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All the Perl that's Practical to Extract and Report

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  • I've said this before, and I'll probably say it again. One of the big problems with the perception of Design Patterns is that the GoF book isn't actually that good. It presents a few patterns, and it links them together, a bit, but what it doesn't do is to present a coherent pattern language. And that's a big failing.

    Compare the GoF's book with my favourite software patterns book, Kent Beck's Smalltalk Best Practice Patterns and you'll see what I mean. Kent's book presents an entire pattern language for 't
    • I literally had to turn around the GoF book around in my hands a few times to see where is hidden the fabled tome of wisdom people talk in hushed reverential tones about... I reall did feel cheated out of my money.
      • Yeah, far too many GoF patterns seem to be workarounds for insufficiently dynamic languages.
        • No need to mince words here, Piers. The GoF book is a set of hacks to make C++ slightly more like Smalltalk.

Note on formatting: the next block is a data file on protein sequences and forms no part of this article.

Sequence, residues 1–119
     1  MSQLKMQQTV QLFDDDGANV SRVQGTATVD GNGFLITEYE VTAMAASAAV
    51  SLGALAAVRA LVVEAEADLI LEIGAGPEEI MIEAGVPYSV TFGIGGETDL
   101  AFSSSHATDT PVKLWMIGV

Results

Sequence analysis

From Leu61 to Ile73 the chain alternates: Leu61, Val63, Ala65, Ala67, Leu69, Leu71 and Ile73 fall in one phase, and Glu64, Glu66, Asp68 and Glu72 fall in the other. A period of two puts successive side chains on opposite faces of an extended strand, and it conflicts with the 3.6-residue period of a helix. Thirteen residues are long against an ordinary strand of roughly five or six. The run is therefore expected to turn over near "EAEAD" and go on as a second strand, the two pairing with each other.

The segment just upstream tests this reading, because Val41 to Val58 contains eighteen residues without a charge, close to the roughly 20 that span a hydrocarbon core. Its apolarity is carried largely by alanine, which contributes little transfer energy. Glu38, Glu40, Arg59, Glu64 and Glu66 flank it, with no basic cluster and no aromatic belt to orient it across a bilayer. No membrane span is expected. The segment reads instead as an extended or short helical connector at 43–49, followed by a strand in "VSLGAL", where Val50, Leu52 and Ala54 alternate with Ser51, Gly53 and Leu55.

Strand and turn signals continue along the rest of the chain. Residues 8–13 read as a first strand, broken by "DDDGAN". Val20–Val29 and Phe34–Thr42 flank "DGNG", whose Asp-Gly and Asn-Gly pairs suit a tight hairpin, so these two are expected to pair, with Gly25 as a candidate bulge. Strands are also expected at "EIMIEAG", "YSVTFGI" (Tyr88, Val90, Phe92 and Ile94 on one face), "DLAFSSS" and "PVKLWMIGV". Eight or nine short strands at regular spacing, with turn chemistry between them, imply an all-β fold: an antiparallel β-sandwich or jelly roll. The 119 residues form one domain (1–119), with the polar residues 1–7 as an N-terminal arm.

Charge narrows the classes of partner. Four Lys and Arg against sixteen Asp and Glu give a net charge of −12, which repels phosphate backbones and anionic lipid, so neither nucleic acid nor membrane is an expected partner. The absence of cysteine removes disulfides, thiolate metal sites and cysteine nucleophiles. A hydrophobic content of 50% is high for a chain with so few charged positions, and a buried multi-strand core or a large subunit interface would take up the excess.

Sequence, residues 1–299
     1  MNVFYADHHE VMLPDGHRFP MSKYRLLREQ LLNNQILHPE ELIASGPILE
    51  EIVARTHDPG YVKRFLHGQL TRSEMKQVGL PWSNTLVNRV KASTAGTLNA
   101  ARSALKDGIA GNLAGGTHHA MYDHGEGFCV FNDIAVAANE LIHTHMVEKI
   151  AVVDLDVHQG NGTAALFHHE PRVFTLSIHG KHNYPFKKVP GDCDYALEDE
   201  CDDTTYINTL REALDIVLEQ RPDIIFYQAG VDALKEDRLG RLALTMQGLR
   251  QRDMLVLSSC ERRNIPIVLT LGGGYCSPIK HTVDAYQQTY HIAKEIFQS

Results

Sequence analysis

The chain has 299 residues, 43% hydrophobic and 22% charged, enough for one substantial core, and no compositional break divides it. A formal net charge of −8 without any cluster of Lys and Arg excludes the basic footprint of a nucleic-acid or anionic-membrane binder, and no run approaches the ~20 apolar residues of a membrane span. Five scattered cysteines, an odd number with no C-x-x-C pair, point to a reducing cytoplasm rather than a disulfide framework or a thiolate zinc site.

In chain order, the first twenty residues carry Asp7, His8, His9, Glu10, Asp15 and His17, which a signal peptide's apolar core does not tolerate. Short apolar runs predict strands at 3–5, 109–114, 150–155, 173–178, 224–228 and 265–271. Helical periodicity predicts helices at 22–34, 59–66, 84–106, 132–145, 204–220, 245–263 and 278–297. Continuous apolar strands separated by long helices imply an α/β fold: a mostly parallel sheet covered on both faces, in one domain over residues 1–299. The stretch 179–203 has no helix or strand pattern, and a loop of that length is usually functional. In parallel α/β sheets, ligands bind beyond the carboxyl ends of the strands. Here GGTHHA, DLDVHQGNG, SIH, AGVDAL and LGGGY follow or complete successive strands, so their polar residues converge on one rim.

:-)

          • Yeah, shame it's the one with the mindshare. Richard Gabriel's Patterns of Software is also work a look btw, especially as it's actually a set of essays rather than a directly 'do this then this' book of badly written recipes.
            • I just finished reading this a few weeks ago. PoS is a great book, although a bit oblique at times. (The discussion of Turkish Prayer Rugs was a long diversion that didn't seem to have a great payoff at the end.) I also liked the discussion about the rise and fall of Lucid. It helped bring some context to what he's said about "Worse is Better" and the like.

              I really like the fact that Christopher Alexander wrote the forward, and talked about the timeless way of building, and how the hullabaloo about software patterns is focused on the first half of his career (work that he determined to be severely flawed...).